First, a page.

Updated:ORANGE COUNTY, Fla. —
An experiment to clean decades of muck out of Lake Apopka could actually pay back some money. Some researchers said the project could pay for half of the costs of cleaning up the lake.
Orange County Commissioner Fred Brummer said the project is a beautiful sight.
"These kinds of advances make me giggle, it's the kind of thing where you say yes, it's a success, we need to keep after it," said Brummer.
Brummer said his longtime mission is to see Lake Apopka once again become a useable lake.
"You can't find this kind of a resource anywhere. God gives you this one time. We messed it up, now we've got to fix it," said Brummer.
"See any boats? Might as well declare it a wilderness area," said Dr. Dan Canfield, a lake management specialist from the University of Florida.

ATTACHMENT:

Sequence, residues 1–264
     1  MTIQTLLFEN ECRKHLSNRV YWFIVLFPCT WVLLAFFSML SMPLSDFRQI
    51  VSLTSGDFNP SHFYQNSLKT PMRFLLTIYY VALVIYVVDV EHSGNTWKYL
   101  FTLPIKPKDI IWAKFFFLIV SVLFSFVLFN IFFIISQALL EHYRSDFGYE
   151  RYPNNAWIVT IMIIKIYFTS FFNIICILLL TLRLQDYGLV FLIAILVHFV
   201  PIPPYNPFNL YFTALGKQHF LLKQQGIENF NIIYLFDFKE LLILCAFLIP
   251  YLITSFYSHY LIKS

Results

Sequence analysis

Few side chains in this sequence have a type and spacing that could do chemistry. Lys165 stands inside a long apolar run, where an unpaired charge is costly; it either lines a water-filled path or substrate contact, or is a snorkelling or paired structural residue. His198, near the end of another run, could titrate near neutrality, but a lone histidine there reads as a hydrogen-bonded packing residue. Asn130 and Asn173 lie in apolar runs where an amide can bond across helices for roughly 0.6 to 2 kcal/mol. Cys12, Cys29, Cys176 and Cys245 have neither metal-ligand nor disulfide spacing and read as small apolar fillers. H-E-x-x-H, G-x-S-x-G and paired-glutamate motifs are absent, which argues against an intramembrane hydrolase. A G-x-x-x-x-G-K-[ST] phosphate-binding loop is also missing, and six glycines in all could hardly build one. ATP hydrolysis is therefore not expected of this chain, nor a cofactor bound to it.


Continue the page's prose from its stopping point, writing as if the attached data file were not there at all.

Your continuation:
Canfield is the mastermind behind the project.
"We, the state, has spent a quarter billion to a half billion dollars on restoring up this lake, and you've got nothing," said Canfield.
Canfield said if the new process works, the lake could once again be a vibrant bass fishery with five years and $25 million.
The problem at Lake Apopka, one of the largest lakes in Florida, is that it is filled with a thick, smelly, soupy muck.
In previous attempts to clean the lake, the muck is spread across acres of land.
The new method spins the mucky water through a machine that spits the muck out as odorless, crumbly dirt that can then be turned into potting soil. And the water comes out clean.
"If we can create the access and the boat basin and the habitat for plants, you can eventually turn this lake around," said Canfield.
"Will this project work? I'm hoping. I'm praying," said Brummer.
Sen. Alan Hays and state Rep. Brian Nelson and secured $1.4 million for the project.
Right now researchers are trying to figure out how fast the potting soil can be created and how much it could sell for.